Making a Plan
Internships and apprenticeships offer a career taste test.
Turning “No” into “Yes”
Alyssa Ten Eyck graduated from the University of Miami with a degree in communications in 2008. She was diligent in applying for positions and networking to find job opportunities. She applied for an internal communications position with aviation company Embraer in Fort Lauderdale, knowing she was not fully qualified for the job.
“I had the education background for the role, but despite my lack of work experience, I decided to go for it anyway,” Alyssa says.
Alyssa made it through a very extensive interview process. Embraer liked her — she was a good fit — but not for that job. She accepted the rejection well and made it known she was interested in other opportunities with the company.
“I really liked it there while I was interviewing,” says Alyssa. “I appreciated the time they invested in choosing the right candidate, even if it wasn’t me.”
Embraer later had a need for more help and thought of Alyssa. It was an internship — less prestigious than the job she originally applied for — but it did come with a paycheck. The real payoff was in the experience she gained. Alyssa worked hard, assimilated quickly, and when a permanent position as an internal communications specialist opened up, she got the offer.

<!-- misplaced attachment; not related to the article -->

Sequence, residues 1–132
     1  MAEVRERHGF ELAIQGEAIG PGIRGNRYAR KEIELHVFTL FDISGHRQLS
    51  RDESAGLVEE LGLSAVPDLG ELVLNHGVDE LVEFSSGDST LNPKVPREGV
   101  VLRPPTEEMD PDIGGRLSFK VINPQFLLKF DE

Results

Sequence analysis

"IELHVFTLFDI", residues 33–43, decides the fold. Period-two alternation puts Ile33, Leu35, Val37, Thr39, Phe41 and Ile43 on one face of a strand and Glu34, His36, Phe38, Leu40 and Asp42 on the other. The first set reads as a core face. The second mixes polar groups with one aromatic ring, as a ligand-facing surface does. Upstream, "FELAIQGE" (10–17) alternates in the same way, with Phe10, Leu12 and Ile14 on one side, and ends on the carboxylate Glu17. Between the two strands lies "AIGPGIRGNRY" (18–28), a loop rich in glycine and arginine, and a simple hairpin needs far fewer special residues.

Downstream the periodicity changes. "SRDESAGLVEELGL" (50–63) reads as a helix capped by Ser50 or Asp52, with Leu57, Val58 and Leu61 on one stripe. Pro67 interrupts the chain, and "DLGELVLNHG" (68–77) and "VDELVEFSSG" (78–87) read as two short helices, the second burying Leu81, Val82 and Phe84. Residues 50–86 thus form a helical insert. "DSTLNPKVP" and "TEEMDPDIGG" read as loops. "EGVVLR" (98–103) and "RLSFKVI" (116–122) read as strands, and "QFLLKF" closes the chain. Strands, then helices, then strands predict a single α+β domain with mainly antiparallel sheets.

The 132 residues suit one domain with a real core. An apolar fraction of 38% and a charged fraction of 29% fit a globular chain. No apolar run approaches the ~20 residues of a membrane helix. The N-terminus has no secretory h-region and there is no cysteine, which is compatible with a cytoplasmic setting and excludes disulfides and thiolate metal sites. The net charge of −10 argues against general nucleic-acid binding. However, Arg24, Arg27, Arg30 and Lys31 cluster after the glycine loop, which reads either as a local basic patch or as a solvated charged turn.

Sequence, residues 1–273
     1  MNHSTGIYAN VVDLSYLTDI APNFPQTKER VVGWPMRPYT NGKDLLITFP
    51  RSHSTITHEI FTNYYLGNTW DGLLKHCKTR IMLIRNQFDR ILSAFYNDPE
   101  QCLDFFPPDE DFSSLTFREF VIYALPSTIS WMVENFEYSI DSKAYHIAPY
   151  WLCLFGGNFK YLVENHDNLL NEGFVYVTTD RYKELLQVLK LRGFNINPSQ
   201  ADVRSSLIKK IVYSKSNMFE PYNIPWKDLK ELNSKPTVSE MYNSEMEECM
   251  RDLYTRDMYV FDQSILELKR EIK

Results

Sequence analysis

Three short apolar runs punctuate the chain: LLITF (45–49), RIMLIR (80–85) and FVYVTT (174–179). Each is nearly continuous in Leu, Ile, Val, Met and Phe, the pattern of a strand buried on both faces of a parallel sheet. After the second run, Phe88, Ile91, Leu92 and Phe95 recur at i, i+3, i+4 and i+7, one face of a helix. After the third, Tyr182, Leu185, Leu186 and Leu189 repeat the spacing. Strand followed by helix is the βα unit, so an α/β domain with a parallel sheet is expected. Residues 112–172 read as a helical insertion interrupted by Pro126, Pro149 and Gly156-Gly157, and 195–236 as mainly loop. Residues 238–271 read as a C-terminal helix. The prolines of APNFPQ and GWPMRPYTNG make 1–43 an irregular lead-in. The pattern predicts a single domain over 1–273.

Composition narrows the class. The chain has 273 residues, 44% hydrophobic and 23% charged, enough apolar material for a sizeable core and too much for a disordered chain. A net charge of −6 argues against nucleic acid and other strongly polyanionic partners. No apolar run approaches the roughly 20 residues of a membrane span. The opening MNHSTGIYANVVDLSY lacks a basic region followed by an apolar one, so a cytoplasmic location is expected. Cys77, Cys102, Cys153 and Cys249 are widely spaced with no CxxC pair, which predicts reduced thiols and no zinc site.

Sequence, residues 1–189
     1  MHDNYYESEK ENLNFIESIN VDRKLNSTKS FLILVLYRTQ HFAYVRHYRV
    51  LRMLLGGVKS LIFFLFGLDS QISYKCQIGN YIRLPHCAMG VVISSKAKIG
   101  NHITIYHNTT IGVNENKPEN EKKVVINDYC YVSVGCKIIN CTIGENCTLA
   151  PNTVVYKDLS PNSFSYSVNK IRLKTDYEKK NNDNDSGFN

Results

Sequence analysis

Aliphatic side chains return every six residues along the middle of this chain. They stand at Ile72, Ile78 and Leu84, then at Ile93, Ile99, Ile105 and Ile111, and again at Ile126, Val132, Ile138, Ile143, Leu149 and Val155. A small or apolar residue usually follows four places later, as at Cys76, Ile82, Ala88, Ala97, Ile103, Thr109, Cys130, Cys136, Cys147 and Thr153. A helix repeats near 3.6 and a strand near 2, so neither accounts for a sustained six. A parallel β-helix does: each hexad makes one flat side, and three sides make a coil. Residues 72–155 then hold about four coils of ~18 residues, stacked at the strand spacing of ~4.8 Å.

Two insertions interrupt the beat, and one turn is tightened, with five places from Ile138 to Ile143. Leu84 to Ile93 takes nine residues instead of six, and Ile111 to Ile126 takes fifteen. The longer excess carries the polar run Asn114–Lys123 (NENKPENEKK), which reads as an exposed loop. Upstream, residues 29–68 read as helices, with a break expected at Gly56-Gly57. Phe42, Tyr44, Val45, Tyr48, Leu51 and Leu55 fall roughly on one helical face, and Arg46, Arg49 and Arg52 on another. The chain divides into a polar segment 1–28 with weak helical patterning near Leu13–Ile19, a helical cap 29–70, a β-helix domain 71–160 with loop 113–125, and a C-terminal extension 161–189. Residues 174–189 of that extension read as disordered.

APPRENTICESHIPS: LEARN AND EARN
If you like working with your hands and seeing the results of your labor, you may want to consider a field in a skilled trade such as manufacturing, construction, drafting, culinary arts and a variety of other industry sectors.
Skilled workers, especially in manufacturing, are in demand. Today’s manufacturing jobs are most often performed in state-of-the-art, innovative facilities. But highly specialized equipment requires highly specialized employees to operate the equipment. An apprenticeship is a great way to learn those skills while earning a paycheck.
An apprenticeship is similar to on-the-job training in that you are hired as an employee and receive a base salary. Your employment comes with an education/training program that requires you to meet performance levels or pass test requirements to move to the next level. Training is usually provided by craftsmen who are the best at their trades.
At the end of your apprenticeship, you should earn national certifications along with the higher pay scale they command. Most companies that invest in apprentices expect that you will stay as a long-term employee. Programs vary by positions and can last anywhere from 18 months to six years.
Check with trade organizations (homebuilders, manufacturers, etc.) or contact the One-Stop Career Center in your area to find out what’s available.
Visit the U.S. Department of Labor, Office of Apprenticeship at www.doleta.gov/oa.